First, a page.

How do elephants use their trunks? The trunk is like a fifth limb to an elephant and helps it to perform many tasks, the most vital being to gather food. The trunk is composed of nose and upper lip and is ideally suited for stripping a branch of leaves and transferring them to the mouth. Young bull elephants use their trunks to wrestle with each other. The trunk is also used to drink and wash. Young elephants take a year to learn how to use their trunk and before this they must drink through their mouths by lowering their heads to water level.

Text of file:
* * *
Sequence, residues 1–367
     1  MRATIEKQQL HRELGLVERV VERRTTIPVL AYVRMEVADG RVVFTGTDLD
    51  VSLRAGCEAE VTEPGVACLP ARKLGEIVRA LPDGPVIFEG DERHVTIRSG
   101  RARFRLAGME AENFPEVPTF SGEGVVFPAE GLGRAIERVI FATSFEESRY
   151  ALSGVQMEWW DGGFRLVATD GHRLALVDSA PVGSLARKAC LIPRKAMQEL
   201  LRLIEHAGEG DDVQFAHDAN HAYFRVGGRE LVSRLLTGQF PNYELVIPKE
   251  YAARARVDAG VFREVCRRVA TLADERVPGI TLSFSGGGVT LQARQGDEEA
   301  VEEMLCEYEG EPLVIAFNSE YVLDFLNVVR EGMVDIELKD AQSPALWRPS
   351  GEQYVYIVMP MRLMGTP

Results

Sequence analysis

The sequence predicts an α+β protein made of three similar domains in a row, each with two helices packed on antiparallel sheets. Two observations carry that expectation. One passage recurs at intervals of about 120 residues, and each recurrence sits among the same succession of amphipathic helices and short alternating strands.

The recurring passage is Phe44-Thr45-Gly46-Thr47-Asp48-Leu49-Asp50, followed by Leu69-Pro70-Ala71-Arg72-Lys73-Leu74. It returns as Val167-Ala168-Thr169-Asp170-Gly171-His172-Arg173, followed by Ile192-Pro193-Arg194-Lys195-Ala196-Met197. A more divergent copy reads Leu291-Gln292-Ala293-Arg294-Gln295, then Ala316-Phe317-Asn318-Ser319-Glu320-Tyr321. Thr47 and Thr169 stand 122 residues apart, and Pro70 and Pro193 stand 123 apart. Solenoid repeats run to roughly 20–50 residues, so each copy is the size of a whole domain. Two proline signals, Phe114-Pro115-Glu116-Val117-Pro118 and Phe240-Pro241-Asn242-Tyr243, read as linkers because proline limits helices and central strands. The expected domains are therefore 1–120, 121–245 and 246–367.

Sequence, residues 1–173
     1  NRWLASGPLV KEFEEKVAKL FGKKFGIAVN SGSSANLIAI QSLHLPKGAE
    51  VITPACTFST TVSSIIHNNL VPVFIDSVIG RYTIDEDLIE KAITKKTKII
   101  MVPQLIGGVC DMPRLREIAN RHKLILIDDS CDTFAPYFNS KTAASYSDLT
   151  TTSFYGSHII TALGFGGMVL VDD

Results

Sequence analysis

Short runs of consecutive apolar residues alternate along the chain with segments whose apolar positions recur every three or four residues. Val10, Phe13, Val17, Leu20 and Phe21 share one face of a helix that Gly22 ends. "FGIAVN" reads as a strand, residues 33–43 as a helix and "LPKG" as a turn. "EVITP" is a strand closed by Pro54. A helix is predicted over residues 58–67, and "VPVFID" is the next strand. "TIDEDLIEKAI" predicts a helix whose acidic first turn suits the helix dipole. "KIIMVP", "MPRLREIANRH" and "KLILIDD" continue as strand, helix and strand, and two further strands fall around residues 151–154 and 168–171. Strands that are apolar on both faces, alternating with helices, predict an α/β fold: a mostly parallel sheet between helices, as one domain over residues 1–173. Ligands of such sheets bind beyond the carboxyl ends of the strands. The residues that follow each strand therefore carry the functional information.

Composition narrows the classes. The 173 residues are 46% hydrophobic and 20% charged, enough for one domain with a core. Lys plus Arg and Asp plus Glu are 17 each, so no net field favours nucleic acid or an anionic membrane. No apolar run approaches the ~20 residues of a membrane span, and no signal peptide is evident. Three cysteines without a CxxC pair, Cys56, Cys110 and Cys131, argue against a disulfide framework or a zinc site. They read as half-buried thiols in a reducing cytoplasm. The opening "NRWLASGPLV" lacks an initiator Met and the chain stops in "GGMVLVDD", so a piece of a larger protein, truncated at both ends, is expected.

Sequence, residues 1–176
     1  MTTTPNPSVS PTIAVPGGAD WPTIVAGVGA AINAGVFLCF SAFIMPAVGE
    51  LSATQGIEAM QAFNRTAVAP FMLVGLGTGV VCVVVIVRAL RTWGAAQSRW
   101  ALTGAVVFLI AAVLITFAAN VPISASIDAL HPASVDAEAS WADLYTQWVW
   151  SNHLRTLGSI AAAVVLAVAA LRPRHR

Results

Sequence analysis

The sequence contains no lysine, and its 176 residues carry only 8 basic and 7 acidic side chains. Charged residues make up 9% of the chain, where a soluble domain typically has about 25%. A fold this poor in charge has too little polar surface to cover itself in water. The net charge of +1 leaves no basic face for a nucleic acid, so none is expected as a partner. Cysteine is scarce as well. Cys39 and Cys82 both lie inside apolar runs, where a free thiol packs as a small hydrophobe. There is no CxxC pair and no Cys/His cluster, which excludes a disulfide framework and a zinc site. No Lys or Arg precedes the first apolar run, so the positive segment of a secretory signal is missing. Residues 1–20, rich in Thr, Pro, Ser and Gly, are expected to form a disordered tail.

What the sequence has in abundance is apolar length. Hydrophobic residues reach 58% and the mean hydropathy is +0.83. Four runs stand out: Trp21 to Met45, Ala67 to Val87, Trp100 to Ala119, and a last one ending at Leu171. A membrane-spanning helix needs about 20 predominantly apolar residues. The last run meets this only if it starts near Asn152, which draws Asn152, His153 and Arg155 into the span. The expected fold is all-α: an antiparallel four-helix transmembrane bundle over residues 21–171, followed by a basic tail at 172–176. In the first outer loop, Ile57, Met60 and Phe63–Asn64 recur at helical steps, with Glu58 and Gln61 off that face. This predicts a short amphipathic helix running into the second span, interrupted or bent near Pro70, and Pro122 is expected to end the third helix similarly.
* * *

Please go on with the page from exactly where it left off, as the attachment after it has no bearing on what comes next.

Brainstorm ideas with the class about what they would do if they could grow a trunk like an elephant. Record ideas on the interactive whiteboard and save. As the clip is shown, pause and list all the uses an elephant employs with its trunk. As a Maths link, pupils could compare the 250 kg food they gather with the amount of kg eaten by humans. Similarly, the children could compare the 100 litres a day needed by an adult elephant with their own daily water intake. Pupils could also calculate how many buckets of water would be needed to give the elephants enough to drink each day (2 large buckets of water can be held in an elephant's trunk at one time).